Homeschooling · How to

How To Start Your Homeschool

I still owe a lot of you this post and I couldn’t be more excited to share with you another story on how to practically start homeschooling. Ever since I posted a photo of my DIY activity for my 3 year old son, I had a lot of moms messaging me asking how I do it and what materials I use to teach my kids.

But before we continue, I just want to give those who might be new here a little background of myself and my family:

I am a hands-on, stay-at-home mom of two adorable kids; my daughter RyRy is 8 and my son Miguel is 3 years old. I don’t have a nanny or a helper. I also don’t drive yet and we live in a small townhouse in this concrete jungle called Metro Manila. This piece of information should give you an idea that I have a lot of limitations: limited funds, limited time, limited field trips, limited space, and most of the time very limited patience! Ha ha! But one thing is for sure: my imagination is unlimited!

We can also agree that this can be the perfect timing to stumble upon an article that further defines homeschooling as most parents are starting to gear up for school year 2018. And as a bonus, if you want to learn about the basics of homeschooling, my previous blog, Basics of Homeschool is such a steal!

Let me begin with this Mark Twain quote,

“I have never let my schooling interfere with my education.”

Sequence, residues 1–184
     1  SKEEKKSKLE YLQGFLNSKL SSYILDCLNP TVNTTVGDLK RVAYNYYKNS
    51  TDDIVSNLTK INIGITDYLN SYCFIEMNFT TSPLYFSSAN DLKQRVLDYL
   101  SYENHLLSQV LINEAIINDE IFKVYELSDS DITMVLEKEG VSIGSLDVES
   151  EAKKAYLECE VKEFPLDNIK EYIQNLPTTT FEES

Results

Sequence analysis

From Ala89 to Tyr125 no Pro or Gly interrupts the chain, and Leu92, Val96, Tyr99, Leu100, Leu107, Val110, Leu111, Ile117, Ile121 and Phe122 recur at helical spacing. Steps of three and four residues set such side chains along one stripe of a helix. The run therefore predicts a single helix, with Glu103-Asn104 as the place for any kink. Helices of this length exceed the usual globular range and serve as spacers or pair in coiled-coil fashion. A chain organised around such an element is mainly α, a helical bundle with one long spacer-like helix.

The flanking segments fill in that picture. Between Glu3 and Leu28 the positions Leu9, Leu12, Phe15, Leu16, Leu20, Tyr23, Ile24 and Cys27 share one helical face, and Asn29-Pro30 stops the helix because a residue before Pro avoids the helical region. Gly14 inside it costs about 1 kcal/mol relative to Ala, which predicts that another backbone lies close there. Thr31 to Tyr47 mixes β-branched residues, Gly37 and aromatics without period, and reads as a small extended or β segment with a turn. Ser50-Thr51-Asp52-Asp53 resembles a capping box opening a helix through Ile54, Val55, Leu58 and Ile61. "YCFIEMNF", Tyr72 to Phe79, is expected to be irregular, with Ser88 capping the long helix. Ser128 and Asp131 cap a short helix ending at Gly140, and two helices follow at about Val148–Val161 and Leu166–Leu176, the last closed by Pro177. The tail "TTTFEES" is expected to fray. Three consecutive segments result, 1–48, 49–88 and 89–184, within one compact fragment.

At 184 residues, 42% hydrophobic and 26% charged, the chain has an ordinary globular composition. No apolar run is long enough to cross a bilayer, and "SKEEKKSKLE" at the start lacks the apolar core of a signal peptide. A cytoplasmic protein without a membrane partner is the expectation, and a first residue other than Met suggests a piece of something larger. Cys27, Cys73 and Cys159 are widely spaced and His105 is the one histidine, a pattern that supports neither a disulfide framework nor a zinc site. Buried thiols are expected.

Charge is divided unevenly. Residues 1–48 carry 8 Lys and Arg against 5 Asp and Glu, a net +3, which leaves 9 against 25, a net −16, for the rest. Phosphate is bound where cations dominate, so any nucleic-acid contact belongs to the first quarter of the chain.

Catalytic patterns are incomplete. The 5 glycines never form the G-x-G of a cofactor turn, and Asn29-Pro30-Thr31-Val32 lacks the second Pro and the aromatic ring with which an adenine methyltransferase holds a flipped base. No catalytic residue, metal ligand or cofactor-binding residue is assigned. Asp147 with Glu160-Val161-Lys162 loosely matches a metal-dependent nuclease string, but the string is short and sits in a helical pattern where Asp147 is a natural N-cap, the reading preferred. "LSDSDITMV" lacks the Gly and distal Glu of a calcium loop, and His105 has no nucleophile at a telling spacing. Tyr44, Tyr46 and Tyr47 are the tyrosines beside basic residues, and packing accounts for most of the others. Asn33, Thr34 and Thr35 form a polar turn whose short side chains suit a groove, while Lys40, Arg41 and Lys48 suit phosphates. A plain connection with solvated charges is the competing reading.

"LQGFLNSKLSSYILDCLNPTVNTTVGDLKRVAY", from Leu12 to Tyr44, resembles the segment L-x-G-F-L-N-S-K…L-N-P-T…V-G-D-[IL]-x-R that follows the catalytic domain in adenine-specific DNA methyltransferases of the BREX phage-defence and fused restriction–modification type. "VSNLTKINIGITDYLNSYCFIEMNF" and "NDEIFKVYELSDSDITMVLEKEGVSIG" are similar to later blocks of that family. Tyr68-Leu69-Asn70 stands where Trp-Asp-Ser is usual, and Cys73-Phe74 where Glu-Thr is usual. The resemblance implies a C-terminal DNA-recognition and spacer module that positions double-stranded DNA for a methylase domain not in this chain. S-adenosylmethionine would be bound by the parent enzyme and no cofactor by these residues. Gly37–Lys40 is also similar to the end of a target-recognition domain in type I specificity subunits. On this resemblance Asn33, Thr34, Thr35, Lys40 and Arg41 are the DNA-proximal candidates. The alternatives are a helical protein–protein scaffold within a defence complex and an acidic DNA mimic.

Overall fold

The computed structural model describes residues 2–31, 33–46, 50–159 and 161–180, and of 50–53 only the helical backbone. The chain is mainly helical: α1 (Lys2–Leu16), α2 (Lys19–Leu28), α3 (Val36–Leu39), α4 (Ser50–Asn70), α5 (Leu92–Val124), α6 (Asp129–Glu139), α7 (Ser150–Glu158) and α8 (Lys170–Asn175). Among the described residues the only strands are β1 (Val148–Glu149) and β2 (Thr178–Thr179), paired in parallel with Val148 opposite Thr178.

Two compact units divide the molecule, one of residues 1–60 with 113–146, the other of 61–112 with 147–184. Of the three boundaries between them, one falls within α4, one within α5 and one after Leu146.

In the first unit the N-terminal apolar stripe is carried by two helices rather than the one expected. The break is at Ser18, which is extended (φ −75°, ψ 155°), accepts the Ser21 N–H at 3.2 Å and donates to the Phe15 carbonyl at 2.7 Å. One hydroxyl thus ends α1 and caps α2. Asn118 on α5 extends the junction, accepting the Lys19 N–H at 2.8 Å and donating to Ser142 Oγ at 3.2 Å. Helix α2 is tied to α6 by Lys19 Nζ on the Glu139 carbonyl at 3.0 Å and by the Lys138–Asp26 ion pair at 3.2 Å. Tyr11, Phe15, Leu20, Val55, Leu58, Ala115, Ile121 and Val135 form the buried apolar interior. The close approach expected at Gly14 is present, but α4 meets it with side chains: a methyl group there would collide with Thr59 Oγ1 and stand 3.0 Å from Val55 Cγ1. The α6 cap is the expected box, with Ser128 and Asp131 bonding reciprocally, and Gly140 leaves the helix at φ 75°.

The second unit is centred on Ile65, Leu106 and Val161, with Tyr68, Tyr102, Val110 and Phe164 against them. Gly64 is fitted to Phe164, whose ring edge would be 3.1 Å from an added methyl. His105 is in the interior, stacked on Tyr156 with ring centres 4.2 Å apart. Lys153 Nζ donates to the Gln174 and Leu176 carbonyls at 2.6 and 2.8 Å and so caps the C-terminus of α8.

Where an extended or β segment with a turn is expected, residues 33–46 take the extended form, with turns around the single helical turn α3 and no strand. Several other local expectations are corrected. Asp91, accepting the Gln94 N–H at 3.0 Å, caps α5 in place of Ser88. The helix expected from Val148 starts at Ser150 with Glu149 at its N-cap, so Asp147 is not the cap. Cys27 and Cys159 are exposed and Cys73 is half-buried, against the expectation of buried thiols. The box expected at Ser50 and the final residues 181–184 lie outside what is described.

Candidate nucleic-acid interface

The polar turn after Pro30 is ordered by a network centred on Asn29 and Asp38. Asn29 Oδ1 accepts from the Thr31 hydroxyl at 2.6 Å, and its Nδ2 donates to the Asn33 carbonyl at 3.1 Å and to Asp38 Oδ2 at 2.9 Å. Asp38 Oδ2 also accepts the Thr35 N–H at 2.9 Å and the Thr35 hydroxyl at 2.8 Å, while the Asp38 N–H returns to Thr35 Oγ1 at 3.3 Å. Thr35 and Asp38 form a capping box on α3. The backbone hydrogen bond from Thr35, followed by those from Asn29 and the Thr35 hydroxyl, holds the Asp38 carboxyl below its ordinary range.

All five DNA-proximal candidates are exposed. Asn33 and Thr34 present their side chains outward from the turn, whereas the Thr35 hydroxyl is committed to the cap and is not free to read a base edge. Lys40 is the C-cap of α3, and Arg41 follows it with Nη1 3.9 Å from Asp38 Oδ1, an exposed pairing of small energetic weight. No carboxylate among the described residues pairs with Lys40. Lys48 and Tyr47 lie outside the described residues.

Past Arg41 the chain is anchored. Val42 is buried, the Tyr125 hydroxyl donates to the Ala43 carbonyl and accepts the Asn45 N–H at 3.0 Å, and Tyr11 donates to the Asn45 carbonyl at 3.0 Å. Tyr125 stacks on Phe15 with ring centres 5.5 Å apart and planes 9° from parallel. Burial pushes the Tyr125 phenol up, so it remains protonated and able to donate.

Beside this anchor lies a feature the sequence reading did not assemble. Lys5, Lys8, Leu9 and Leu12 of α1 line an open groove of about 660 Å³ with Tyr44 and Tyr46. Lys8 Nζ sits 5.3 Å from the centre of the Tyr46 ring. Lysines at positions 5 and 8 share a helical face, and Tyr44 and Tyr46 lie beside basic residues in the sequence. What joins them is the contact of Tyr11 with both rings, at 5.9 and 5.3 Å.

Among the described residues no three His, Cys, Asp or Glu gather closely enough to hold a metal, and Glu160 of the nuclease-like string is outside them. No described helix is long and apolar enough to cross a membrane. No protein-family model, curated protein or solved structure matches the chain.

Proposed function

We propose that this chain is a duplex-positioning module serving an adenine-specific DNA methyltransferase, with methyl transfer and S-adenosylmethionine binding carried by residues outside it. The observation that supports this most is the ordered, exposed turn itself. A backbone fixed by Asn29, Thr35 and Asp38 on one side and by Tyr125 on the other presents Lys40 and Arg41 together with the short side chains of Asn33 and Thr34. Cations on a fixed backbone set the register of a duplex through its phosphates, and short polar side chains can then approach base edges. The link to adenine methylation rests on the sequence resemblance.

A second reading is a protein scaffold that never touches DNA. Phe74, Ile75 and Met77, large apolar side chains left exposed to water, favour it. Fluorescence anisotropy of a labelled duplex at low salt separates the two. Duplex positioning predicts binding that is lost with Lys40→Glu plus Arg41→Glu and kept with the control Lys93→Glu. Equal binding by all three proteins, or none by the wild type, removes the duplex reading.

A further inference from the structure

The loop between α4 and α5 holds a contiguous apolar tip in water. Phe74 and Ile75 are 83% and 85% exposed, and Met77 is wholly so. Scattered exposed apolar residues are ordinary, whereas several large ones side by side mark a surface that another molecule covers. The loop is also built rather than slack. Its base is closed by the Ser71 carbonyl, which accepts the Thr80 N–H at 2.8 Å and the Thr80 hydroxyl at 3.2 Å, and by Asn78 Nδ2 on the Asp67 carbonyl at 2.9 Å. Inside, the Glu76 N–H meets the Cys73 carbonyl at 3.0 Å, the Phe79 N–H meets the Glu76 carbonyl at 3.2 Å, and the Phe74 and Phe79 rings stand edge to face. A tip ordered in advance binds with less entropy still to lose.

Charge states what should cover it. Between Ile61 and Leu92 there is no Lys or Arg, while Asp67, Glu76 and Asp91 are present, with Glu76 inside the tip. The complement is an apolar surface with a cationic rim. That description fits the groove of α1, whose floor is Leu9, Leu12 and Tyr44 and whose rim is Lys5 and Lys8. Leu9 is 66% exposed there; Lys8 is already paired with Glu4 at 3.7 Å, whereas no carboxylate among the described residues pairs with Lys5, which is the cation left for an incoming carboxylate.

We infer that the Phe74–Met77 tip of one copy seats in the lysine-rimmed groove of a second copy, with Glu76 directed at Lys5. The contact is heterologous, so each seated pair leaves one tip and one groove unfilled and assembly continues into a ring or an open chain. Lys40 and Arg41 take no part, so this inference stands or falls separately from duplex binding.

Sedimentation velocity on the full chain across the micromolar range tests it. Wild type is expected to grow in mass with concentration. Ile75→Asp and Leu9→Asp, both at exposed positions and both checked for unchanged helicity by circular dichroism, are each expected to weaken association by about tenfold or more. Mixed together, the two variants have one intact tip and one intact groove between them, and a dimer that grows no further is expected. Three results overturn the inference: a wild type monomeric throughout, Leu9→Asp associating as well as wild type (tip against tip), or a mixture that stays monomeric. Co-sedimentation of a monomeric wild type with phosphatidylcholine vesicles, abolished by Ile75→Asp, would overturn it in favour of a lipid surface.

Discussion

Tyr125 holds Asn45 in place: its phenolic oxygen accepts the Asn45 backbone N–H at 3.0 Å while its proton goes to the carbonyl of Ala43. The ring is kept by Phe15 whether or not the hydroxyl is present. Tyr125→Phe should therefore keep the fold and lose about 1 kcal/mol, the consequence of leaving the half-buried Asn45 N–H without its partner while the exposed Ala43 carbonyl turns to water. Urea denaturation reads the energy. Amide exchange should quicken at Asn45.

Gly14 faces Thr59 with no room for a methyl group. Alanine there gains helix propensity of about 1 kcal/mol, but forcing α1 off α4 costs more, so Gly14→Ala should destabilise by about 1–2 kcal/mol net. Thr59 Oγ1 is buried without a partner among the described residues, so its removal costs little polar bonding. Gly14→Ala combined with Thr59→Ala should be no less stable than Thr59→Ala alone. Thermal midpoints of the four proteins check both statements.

I honestly never pictured myself as a homeschooling mom. Nope. When I was pregnant with my eldest, I knew in my heart that I needed to send her to a good school that would cultivate not just her intelligence but her character as well. Back then, I had zero knowledge on homeschooling until God had placed us in a discipleship group where I was mentored about it. I can still remember the room where my husband and I sat down to listen to our DGroup leader’s presentation of the whys and hows of home study. Right there and then we were sold to the idea and wasted no time as I started teaching my then 4 year old daughter only to realize it was not an easy process!

Yes, homeschool is a process. Just like applying for a passport, you have to go to several windows to finish all the steps. Although with this one, a lot of understanding is required and heavy emotions may be involved. First timers may expect that they could get their children to sit for an hour and come out reading for the first week. If you must know, I was that first timer. I forced my daughter, worse, I stressed myself which totally defeated the purpose of homeschooling.

Starting your homeschool.

How do you know when your child is ready?

My 3 year old son surprised me on this one. Earlier last year, I made a conclusion that I don’t think I’ll be starting him off with lessons. But come August, he showed signs of readiness like a sudden interest on pens and papers then he started doodling. Not long after he started singing along the A-B-C song with her sister!

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He just surprises me!

Now this is something that I regret doing with RyRy. I did not consider maturity at that time. All I was thinking was that “she’s 4 now and I don’t want to delay any longer.” This taught me the most important lesson about homeschooling or generally in life: Never rush a child who is not ready to learn. I could’ve saved time and tears and probably made it more enjoyable for her.